It's happened again. Last August a horrific lightening storm fried the ethernet card in my computer. Late Tuesday an intense summer storm blew in and thanks to a nearby lightening strike, I am once again unable to get online. I'm on a library computer right now, but will soon be on my way to try and buy another ethernet card. I say try, because cards for wired computers are getting harder to find these days. Seems electronics stores assume we're all wireless!

Thank you for all the comments on my "Slow Living, Slow Results" post. I appreciate every one. I'm not neglecting answering your comments, I just haven't been able to get online. Hopefully I'll rectifiy that soon and be able to do so, as well as return the blog visits!

July 11, 2012

Slow Living, Slow Results

Three years ago this month we planted a privacy hedge of Leyland Cypresses along the road.

Hedge of little Leyland Cypress trees
Photo take July 2009

Here it is today....

Photo taken July 2012

It seemed to take forever to grow, but what a difference three years actually makes.

July 9, 2012

Kitchen Remodel: Providential Irony?

There are actually only a couple of things left to finish and then we'll be done with the kitchen. The list is down to a painting the toe kick, a plate rack, and the built-in dining table, which Dan is working on now. The other details fall to me, like the unpacking and putting away. Also on my list was a stool for my work area.

I showed you where Dan created a place for a work stool when he made my kitchen peninsula....

Photo from "Building The Kitchen Peninsula"

When I went to buy the stool, there was only one left, and it had slightly uneven legs. Being the impatient sort (and not trusting that the price wouldn't be higher when they got new ones in,) I bought it anyway.

Dan put a level to it every which-away and we still couldn't figure out how to correct it. But. The floor is slightly uneven under the peninsula too. When I set the stool a certain way, it is perfectly level, no wobble, no unevenness, no problem.

Amazingly the stool is perfectly level & stable in this spot.
My shelves are filling up, though I'm still
experimenting and rearranging things.

How about that! I just love my work area.

I'll show you where I decided to hang my cutting board too. Very convenient.

2 glue-on hooks hold the cutting board

Funny how the last few projects seem to take the longest. Maybe that's really just my impatience. Still, now's not the time to be in a hurry. Hopefully I'll have before and after photos to show you soon.

July 7, 2012

Hatch Announcement

Well, my broody Buff Orpington out-persisted me and has one brand new baby chick to show for it. When I couldn't break her broody, I gave her 3 eggs, jotted down the date, and forgot about it.

I was milking Ziggy the other evening, when I heard her clucking softly. I stopped to take a closer listen and heard a little "peep, peep, peep". If I tried to come near, she would clam up and hunker down. The peeping would stop too. Since my Buffs were mama hen raised, none of them are particularly "friendly" so I backed off and waited. Eventually I had a chance to see the new chick, another Buff Orpington. Of the three eggs, it was the only one that hatched.

Considering how vicious some of my older hens were toward the Buffs when they were chicks, I am concerned for this chick. We don't really have a good area for raising chicks, so I did a make-shift pen in the chicken yard with rabbit fencing, the kitty carrier, and the top to our first-try corn crib. They need to be protected from predators and overly playful puppy dogs as well.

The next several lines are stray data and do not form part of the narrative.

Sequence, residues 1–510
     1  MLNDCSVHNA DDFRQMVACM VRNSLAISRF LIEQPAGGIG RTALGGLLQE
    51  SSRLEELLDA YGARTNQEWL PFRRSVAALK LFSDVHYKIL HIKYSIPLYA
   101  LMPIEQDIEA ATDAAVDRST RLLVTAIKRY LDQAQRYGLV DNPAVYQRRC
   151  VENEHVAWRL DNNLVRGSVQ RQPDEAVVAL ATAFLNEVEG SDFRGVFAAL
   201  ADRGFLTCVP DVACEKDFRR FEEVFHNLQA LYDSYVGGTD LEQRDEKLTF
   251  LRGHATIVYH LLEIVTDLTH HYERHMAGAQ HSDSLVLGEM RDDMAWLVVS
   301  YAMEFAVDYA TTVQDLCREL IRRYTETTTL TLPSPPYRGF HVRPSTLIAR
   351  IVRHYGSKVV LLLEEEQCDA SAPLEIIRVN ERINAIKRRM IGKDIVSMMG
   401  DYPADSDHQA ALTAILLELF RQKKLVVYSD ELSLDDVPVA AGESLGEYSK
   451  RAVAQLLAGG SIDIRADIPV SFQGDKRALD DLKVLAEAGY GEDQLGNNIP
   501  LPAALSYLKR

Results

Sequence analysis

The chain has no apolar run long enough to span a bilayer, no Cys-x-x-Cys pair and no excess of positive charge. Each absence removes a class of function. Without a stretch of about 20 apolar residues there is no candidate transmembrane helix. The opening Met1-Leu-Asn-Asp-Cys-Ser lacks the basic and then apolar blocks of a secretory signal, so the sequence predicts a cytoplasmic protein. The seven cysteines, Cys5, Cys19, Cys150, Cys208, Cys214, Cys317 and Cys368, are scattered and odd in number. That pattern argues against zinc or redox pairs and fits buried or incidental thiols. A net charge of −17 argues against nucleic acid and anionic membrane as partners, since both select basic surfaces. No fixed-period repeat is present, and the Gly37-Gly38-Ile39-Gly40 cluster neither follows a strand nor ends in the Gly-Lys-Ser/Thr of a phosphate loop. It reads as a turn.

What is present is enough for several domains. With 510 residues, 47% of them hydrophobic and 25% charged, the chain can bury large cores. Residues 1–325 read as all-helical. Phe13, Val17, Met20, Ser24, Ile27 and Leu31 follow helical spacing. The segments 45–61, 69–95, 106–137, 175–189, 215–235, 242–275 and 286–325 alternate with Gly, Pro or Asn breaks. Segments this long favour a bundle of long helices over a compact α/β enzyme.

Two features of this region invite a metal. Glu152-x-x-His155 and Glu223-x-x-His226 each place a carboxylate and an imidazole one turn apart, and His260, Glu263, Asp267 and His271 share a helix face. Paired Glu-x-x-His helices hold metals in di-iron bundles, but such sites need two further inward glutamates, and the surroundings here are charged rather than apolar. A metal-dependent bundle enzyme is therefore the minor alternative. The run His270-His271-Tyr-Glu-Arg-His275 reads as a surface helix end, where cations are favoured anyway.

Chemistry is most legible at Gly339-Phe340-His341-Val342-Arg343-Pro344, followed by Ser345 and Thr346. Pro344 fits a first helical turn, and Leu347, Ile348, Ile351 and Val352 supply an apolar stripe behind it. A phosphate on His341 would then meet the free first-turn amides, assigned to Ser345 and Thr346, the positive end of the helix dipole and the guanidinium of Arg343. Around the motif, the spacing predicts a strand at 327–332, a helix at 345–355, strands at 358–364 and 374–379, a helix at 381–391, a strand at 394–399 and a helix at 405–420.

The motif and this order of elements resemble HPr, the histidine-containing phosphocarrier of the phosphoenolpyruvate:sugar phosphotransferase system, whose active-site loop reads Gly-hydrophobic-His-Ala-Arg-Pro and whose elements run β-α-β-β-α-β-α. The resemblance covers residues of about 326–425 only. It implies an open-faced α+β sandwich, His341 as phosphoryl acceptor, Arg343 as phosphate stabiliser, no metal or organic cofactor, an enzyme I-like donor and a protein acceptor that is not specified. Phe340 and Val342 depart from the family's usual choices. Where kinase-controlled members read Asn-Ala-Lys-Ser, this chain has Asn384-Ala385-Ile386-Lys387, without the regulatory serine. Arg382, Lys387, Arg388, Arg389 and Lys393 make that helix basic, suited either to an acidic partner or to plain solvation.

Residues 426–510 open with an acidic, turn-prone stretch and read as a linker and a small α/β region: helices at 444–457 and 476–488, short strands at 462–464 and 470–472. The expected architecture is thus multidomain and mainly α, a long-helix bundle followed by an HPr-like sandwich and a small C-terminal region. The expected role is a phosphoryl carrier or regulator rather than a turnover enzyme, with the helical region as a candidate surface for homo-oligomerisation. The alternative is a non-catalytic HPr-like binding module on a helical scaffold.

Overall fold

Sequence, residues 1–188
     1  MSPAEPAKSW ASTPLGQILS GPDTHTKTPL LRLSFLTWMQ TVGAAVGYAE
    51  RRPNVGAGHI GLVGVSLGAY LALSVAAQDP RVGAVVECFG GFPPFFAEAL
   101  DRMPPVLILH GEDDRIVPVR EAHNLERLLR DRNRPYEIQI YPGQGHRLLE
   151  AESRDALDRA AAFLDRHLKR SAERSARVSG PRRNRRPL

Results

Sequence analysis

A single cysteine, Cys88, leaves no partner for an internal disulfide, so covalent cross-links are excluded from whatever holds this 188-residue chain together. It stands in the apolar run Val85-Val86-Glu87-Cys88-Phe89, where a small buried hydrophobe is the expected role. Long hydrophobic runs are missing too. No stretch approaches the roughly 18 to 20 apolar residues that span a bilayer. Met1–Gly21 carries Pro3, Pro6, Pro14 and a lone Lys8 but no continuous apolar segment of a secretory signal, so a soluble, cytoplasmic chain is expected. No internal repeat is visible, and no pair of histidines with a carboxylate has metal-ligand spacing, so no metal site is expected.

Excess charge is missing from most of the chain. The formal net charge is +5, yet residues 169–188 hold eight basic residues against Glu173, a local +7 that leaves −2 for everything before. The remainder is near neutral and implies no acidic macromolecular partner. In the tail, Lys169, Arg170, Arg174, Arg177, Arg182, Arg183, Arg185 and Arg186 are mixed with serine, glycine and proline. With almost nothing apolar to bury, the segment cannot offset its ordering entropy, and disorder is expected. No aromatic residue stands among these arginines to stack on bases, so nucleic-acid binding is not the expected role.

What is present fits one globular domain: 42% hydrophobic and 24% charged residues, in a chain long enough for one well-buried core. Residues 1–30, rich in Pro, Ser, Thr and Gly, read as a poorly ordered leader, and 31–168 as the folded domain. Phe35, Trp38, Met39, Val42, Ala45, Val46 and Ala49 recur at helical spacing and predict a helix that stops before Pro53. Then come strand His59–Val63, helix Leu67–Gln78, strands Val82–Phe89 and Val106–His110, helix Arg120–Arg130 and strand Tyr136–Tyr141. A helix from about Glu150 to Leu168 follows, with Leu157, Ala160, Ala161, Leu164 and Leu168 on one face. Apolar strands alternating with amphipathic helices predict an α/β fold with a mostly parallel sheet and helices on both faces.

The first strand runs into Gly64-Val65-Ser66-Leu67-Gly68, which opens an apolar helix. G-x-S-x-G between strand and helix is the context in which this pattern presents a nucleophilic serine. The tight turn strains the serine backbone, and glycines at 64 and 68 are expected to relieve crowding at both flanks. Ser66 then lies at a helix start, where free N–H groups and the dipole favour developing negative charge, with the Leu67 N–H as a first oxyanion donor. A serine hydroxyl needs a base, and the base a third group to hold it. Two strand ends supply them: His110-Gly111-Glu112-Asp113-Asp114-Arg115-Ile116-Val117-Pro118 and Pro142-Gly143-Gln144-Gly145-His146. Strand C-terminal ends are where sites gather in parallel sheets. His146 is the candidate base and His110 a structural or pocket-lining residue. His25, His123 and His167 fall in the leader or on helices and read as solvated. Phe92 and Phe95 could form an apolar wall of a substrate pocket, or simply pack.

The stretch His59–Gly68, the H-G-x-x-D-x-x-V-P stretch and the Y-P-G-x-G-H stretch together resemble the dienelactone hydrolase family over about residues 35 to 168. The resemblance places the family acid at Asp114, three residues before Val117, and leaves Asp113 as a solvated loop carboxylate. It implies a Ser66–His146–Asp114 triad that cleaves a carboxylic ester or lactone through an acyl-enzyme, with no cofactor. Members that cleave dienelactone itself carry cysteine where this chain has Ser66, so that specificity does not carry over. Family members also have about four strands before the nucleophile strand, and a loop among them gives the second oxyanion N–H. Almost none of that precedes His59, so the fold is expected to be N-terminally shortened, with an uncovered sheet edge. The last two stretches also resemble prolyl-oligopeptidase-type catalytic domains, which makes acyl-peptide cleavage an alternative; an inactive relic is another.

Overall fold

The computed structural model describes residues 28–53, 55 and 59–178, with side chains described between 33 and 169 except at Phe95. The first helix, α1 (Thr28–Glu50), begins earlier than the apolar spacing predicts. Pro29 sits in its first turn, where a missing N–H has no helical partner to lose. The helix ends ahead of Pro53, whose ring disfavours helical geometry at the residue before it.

Actually, raising chicks every year is one of our self-sufficiency goals. I've learned though, that I seriously need to rethink our set-up to accommodate future mama hen wannabes and their broods.

Here's hoping this little one does well.

July 5, 2012

Goats, Goals, And The Prime Directive

Trying to decide what to do about our goat situation has taken some time and thought. Initially my goal had been to breed Kinders. I hoped this would be a step toward becoming more self-supporting. If we'd had Kinder kids this year, I wouldn't have given this goal a second thought. But with no kids and first losing one of my Pygmy bucks, and later one of my Nubian does, it was necessary to step back and evaluate.

When we first bought our homestead, we had a little savings to invest in it. Among other things, we bought 2 registered Nubian does and 2 registered Pygmy bucks as our "Kinder Starter Kit." That money is gone now, but if I wanted to continue with this goal, I'd need more starter stock because a good breeding plan requires genetic diversity. With no Kinders in the area, we'd either have to buy more registered Pygmies and Nubians, or import Kinders from cross country. Between that and the realization of how costly this venture would be in terms of time, energy, and money, I needed to rethink.

Another thing I'd figured out, is that while we love the Pygmy goat personality, we definitely do not care for the Nubian personality. Like all divas, they are high maintenance on every level. Of course, these were never our goal, but considering our situation, I wasn't sure I wanted to put up with more Nubians while trying to establish a Kinder herd.

On an immediate, practical level, having only one buck and one doe wasn't working very well. Goats are herd animals and need companions, but it's usually better to keep the boys and the girls separate. Milk too, was another need, but I'd dried up the does in preparation for the kiddings that never occurred.

The bottom line however, was how did all this fit into our primary goal of working toward self-sufficiency? Kinders could meet our needs for food, manure, and something to trade or sell, but other types of goats could too. And at less initial expense. So while not looking for anything in particular, I found Ziggy on craigslist...

Ziggy, a friendly, sweet Nigerian Dwarf doe.
She is polled, i.e. naturally hornless.

Ziggy is a 2 & 1/2 year old purebred Nigerian Dwarf doe. I honestly had not considered Nigerian Dwarfs, but her price and being in milk made me stop to take a look. After a little research on the breed, I decided to see if she was still available. She was.